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When implementation falls behind research: the case of CVE

More research into countering violent extremism is required in Australia.

A film presentation during a UN panel in August on countering violent extremism (Photo: UNDP/Flickr)
A film presentation during a UN panel in August on countering violent extremism (Photo: UNDP/Flickr)
Published 26 Feb 2018   Follow @MadeleineNyst

This month, Premier of New South Wales Gladys Berejiklian announced new security measures for Australia’s most populous state, aimed at countering violent extremism within the NSW juvenile justice system. Under the new measures, detainees deemed by law enforcement agencies to pose a possible risk will receive a “National Security Interest” designation and face increased screening, as well as restrictions on mail, telephone communications, and visitors.

NSW Counter Terrorism and Corrections Minister David Elliot said that juvenile detainees would now undergo de-radicalisation programs similar to those run in adult jails, in a $6 million scheme he described as a world first: “We’re actually leading the world when it comes to policies like this. This is something other agencies and jurisdictions will be monitoring.” Yet Elliot also made a telling admission that there is “no evidence anywhere in the world that de-radicalisation programs have been working”.

Elliot’s admission reflects a gap that exists across the world between implementing programs aimed at countering violent extremism (CVE), and conducting research that seeks to understand the CVE process.

While the handful of academic experts and experienced practitioners that work in CVE are still engaged in fundamental debates about terminology, scope of programs, and effect measurement, governments are forging ahead with implementation regardless. In a seriously under-researched field such as de-radicalisation, governments see CVE programs as strategic cornerstones in their counterterrorism policies, despite having an inadequate understanding of the key issues.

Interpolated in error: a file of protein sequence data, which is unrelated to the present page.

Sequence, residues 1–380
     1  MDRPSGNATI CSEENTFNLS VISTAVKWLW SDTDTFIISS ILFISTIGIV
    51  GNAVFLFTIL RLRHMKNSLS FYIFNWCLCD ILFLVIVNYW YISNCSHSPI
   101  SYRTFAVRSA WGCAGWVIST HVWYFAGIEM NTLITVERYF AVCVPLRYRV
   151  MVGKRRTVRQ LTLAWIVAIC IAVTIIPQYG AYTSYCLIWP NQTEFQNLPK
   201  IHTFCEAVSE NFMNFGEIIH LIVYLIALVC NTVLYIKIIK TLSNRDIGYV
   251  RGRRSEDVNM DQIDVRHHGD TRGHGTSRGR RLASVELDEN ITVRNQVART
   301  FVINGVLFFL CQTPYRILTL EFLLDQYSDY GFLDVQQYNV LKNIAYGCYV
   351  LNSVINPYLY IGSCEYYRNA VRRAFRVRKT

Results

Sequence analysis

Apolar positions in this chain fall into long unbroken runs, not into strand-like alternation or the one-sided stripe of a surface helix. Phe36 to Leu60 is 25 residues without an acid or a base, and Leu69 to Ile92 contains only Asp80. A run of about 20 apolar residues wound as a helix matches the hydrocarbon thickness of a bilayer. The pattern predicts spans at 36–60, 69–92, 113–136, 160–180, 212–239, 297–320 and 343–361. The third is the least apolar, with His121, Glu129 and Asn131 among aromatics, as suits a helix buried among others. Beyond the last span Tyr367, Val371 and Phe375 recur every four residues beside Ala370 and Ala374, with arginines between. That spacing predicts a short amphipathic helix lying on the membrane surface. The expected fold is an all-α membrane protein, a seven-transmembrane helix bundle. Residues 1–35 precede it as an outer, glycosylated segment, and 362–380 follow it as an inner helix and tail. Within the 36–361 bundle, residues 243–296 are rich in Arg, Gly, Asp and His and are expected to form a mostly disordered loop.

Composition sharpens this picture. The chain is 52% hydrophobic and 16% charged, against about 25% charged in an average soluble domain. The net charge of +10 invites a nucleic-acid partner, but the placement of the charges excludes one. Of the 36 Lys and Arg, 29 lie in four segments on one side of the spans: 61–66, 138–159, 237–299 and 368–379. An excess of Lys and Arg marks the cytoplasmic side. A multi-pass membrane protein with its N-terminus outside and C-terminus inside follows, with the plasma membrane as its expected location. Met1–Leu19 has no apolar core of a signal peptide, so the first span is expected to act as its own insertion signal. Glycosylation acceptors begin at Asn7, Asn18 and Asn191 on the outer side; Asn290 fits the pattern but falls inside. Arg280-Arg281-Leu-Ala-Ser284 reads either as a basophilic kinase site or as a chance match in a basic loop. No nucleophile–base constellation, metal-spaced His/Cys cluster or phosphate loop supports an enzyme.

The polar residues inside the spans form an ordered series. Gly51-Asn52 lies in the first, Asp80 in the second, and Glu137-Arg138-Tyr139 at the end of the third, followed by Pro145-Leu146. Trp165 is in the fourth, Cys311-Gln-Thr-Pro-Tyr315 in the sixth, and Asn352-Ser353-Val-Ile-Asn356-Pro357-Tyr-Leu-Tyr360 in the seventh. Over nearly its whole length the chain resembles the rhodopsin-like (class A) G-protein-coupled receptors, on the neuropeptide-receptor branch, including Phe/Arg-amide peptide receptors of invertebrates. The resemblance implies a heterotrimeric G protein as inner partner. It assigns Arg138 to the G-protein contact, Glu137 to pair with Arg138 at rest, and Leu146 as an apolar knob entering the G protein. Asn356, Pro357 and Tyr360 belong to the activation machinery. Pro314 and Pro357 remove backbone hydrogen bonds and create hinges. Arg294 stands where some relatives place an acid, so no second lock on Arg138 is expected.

While often forming the so-called “soft” part of governments’ counterterrorism (CT) efforts, it is important to recognise the distinction between CT and CVE. Broadly speaking, CT refers to efforts aimed at increasing security legislation, intelligence, and policing powers. CVE, however, is more concerned with the structural causes of violent extremism. CVE aims to increase community resilience and strengthen protective mechanisms within vulnerable youth and communities, in order to tackle perceived political, economic and social injustices.

Australian efforts to counter violent extremism domestically have made significant advances in recent years. Yet there still exists a massive imbalance in funding between programs aimed at CT and CVE. Without adequate funding, it’s incredibly difficult to get good research done.

Australian CVE expert and criminologist Clarke Jones has rightly pointed out there seems to be “very little clarity” concerning the theory of radicalisation that lies at the heart of the government’s CVE strategy. More broadly, the lack of an evaluation culture in this field makes measuring de-radicalisation efforts difficult. The result is vague, inconclusive and unsubstantiated practices that attempt to deal with an incredibly complex and multifaceted problem.

The point here isn’t to diminish the importance of domestic CT operations and the significant efforts made in stopping terrorist attacks, or plots on Australian soil. But investment of time and resources in security, legislation, and policing comes at the expense of greater research into CVE, resulting in an insufficient understanding of the process of radicalisation to violent extremism.

Elliot is right when he says the Australian Government needs to be seen to be doing everything in its power to prevent another attack. But this begs the question, how can we prevent a problem we don’t sufficiently understand?  

Traditional CT methods alone, such as increasing the jurisdiction of the Australian Defence Force in cases of domestic terrorism, are not enough. Governments must move away from the improvisational nature that has come to define domestic CVE efforts to better reduce potential influence of foreign terrorist cells. This should include more research into CVE and contested concepts, such as radicalism and radicalisation.

Positive steps have recently been made. In May, the Australian Government commissioned a report from GSDRC that sought to better understand the crucial role women can play in the CVE process on a community level. Research at the Australian National University, funded by the Australian Research Council, is aimed at developing better counterterrorism strategic communications efforts so as to counter violent extremist propaganda. Yet more should be done.

Research has the potential to strengthen CVE initiatives, and community-based research (such as the GSDRC report) offers an especially good fit in light of the challenges governments face in implementing CVE policies and programs. 

Warnings that military success in Syria and Iraq in destroying the so-called Caliphate under ISIS could inspire attacks abroad demonstrate that the danger of home-grown terrorism and violent extremism will not simply disappear.

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